I’m treading warily here, so I’ll just make up a story and let you make up your own mind. I’m a rock climber, and find my spirituality in all the rocks of the world. I love climbing, it attaches me to the place that I am and makes me feel at peace with the world. Uluru, the biggest rock in the world, in a spectacular location, is an obvious place for me on my personal spiritual pilgrimage. Who decides whose spirituality is more important?

    It becomes even more slippery when you disagree with the fundamentals of Nationalism and ‘we were here first’ ideologies. Why break the planet up into mine and yours?

  • 6
    John Winter
    Posted Thursday, 9 July 2009 at 3:20 pm | Permalink

    Interestingly, I went to Uluru a couple of years back. It was explained tome at the Cultural Centre that being on the Rock is not an affront - what is an affront to the culture of the local landowners is people dying there (hasn’t happened since 1990) and people urinating in the waterholes (seriously).

    It was explained to me that the movement to close the Rock came more from well meaning non-locals than anything else.

    If this is true - and it was from the horses mouth - why shut it down? Let’s just show and perhaps even, enforce better behaviour.

    On the advice I got from Cultural Centre, I climbed the Rock and it was a breathtaking experience. I also, as part of that, spent many hours in the Culture Centre and interacting with the local community. I leant an enormous amount about the local culture and it was a fabulous, positive experience.

    A footnote to consider: take away the climb and tourism will plummet. The cost for that will be directly on the local tribe who gain directly from Park entrance.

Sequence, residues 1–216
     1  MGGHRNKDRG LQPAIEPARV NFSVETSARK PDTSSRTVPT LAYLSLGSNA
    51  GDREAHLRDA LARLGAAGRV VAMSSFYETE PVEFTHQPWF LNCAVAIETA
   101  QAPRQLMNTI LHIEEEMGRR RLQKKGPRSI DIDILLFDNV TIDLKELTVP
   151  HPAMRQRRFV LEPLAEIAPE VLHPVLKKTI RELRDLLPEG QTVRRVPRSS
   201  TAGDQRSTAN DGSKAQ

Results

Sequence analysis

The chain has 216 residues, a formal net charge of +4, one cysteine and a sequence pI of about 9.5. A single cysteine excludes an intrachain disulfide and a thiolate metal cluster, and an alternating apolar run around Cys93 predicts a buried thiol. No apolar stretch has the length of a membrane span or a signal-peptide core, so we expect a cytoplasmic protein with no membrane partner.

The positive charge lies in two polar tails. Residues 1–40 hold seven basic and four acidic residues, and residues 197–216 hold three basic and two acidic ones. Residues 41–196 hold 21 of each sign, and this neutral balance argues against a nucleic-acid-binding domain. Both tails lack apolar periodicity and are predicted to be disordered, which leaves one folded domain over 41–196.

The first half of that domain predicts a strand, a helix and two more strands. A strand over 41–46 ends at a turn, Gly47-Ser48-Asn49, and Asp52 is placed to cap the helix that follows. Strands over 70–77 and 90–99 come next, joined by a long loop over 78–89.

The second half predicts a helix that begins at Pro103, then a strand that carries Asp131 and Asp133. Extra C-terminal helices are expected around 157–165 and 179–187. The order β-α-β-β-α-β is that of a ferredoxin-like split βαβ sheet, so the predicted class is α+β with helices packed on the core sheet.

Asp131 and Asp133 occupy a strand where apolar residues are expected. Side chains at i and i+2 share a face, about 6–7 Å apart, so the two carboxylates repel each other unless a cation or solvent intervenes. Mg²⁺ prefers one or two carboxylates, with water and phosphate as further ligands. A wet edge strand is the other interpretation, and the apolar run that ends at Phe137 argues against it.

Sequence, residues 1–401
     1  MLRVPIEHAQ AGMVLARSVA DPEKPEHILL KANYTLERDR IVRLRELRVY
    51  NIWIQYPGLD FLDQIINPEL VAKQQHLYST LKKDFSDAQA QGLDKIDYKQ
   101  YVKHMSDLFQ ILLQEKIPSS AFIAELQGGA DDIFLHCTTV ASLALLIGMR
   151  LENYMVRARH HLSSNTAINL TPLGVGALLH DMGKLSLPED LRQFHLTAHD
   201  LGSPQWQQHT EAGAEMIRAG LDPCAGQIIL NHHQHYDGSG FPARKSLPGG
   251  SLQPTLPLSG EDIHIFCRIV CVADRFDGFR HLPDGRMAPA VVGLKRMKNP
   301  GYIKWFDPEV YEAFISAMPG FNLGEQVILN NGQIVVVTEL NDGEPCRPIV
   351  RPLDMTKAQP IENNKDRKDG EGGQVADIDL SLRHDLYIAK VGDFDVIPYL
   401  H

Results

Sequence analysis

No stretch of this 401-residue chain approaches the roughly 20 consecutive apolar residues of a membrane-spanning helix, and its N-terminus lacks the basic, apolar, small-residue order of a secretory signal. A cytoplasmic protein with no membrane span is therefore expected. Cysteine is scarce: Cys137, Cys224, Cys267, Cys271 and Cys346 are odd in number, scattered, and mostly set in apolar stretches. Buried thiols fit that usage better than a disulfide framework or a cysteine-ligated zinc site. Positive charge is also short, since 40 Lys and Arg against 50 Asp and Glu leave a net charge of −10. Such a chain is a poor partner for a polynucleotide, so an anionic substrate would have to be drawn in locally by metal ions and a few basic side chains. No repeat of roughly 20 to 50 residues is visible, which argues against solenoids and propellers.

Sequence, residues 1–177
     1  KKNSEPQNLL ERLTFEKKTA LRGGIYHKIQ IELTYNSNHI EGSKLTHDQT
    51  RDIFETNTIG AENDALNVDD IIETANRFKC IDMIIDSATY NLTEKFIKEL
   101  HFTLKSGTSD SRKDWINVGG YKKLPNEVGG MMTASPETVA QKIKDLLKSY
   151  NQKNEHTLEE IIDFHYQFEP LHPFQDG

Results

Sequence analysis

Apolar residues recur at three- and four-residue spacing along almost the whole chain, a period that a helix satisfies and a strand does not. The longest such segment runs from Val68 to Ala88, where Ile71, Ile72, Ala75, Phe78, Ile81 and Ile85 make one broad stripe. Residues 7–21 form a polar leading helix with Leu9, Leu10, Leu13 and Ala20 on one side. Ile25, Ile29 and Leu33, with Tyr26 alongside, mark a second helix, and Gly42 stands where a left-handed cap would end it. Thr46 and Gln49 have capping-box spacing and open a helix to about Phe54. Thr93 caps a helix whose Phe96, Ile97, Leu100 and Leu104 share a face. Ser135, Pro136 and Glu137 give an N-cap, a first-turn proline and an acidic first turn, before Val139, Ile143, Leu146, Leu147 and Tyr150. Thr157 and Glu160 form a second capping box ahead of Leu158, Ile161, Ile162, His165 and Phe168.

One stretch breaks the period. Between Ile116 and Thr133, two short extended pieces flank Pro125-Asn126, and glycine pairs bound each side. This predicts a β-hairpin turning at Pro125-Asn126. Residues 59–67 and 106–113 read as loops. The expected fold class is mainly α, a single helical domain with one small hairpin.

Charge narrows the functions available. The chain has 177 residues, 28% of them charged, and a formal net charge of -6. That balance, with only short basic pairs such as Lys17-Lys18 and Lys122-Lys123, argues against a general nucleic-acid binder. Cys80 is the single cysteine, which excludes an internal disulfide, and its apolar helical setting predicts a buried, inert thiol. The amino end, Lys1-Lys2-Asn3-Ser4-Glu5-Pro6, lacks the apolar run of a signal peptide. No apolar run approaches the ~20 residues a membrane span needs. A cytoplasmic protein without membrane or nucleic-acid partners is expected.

I hope a more pragmatic, but still completely respectful approach can be found

  • 7
    John Ryan
    Posted Thursday, 9 July 2009 at 4:05 pm | Permalink

    I have a very different view to one in the article. Let me say from the outset I am not a red neck and I believe in Aboriginal land rights. But there is a very significant difference between Uluru and the Australian War Memorial. One is a part of the built environment the other is a natural formation. No one in Australia would tolerate another group laying claim to a natural wonder and enforcing access requirements on others for of all things, religious reasons. Uluru belongs to all Australians and it can be shared by all Australians. Wanting to climb a reasonably accessible, ageless natural wonder like Uluru is a legitimate human ambition. Provided those who climb Uluru leave nothing but foot prints and take only photographs it is hard to see the harm regulated access might cause. I am sure that access can be maintained while respecting Aboriginal beliefs. Climbing religious icons and memorials it not prohibited in western culture. People are allowed to climb to the top of St Paul’s Cathedral in London for example. I suspect no one would object to people climbing the war memorial if it were safe and didn’t cause wear and tear on the building. In fact people can climb to the top of the Arc de Triomphe in Paris which is a war memorial.

  • 8
    James Bennett
    Posted Thursday, 9 July 2009 at 4:13 pm | Permalink

    Hey Chris,

    I don’t think the Canberra memorial was built for climbing however the Flame of Rememberance in Brisbane is also spiritual to some has stairs and would welcome your effort.